At the top of the list are my father and mother who were always there when I needed them. They supported me by giving me the opportunity to play and encouraging me to do my best. Of course, there were also my coaches at each stage of my personal development – Jack Fenner, my Little League coach, Dave Palsgrove, my high school baseball coach, and Bob Wren, my coach at Ohio University, probably the most influen­tial person of all. All of these coaches supported me by giving me good instruction in the fundamentals. They motivated me and built my confidence by telling me that I was an exceptional player and that I had a chance to be a great player. Once I made it to the majors, I’d have to say that Pete Rose had a tremendous influence on my career. He was the finest team player I had ever seen. He always had something to say to pump you up, to play harder every night. He made a major difference for myself and for the Phillies.

You have to remember that from 1976 to 1978 our team captured the National League’s Eastern Division title each season, but nothing seemed to go right for us in the playoffs. I’m not sure we knew how to win as a team in the five-game, post-season series. It didn’t matter if you won a hundred games during the regular season, if you couldn’t win in the playoffs you were labeled a “loser.” The Phillies lived with that label until Pete Rose showed up.

In 1980, Pete provided the kind of dynamic leadership that took the pressure off the other players. He was the kind of athlete who was boastful and could go out on the field and back it up. That allowed the rest of us to raise our level of play and, ultimately, go on to win the World Series that year.

In terms of your playing abilities, you have been called a late bloomer. Some, including Tony Lucadello who scouted you in college, claim that the pattern continued into your major league career. Do you agree?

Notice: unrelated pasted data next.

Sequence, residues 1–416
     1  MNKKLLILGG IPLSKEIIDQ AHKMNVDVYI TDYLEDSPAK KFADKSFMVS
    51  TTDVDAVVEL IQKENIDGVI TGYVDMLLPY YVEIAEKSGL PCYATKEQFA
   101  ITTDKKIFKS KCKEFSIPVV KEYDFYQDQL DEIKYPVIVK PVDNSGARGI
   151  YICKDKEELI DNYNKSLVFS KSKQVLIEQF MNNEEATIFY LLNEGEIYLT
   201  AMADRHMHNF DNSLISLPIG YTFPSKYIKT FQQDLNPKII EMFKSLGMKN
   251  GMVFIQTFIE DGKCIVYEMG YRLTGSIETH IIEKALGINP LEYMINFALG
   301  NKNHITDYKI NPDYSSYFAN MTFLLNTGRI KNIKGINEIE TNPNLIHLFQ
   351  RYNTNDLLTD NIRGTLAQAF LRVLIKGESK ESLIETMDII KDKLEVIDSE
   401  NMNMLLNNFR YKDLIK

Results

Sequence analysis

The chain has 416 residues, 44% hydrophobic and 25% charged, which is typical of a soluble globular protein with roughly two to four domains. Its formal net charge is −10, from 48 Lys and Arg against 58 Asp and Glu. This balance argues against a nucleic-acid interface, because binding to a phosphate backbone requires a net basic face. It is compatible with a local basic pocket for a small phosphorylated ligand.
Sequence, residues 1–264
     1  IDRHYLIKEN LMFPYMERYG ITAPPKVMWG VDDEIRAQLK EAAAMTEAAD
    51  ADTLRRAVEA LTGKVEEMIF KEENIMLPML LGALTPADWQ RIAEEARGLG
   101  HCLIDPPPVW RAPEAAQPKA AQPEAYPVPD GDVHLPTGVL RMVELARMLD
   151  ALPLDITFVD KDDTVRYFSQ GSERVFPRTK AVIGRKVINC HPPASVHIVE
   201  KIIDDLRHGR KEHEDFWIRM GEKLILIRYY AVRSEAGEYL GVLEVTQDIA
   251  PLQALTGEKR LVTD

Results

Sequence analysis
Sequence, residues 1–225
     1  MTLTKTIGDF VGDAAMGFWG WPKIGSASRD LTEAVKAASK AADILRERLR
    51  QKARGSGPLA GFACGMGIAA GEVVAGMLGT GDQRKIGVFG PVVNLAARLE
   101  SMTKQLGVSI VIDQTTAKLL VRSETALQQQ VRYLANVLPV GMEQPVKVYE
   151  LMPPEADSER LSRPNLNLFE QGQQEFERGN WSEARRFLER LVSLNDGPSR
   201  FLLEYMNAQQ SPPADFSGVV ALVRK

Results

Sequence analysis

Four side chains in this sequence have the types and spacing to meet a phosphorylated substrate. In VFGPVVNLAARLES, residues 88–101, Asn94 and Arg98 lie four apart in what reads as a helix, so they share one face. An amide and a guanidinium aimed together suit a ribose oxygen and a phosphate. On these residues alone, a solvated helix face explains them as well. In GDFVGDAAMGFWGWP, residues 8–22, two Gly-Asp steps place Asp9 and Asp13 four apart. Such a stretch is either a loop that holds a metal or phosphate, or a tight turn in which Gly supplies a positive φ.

Yes, I always have been a late bloomer. One of the reasons is that I was young for my school age. In fact, I was nine months to a year younger than most of my peers and that pattern continued throughout my education. When I graduated from college I was twenty-one years old whereas most of my friends and fellow athletes had already turned twenty-one during their junior year. If you advance my professional career by one year, you’ll see that I enjoyed success a year later than many other athletes. For example, 1973 was my first real season in the majors and I had some difficulty adjusting to the level of play there. A year later, in 1974, I led the National League in home runs, and I was voted to the All-Star team as a write-in candidate.

The second factor that probably contributed to that label of late bloomer – and one that is closely related to age – is experience. I began to shed some of the insecurities I had as I progressed at each level of pro ball. I stopped acting as though every trip to the plate was a life-or-death proposition. Instead of thinking I had to hit every pitch with every ounce of strength, I tried to pick out a good pitch and swing naturally. With the more relaxed attitude that came with experience, everything started to fall into place. I allowed my natural instincts to take over, to become more confident. And to be sure, a big part of my ability to succeed as a player was confidence, knowing that the people around me believed in my abilities as a professional athlete. Feeling comfortable with my surroundings enabled me to achieve that confidence and I really believe that it took me a year to create that kind of atmosphere for success.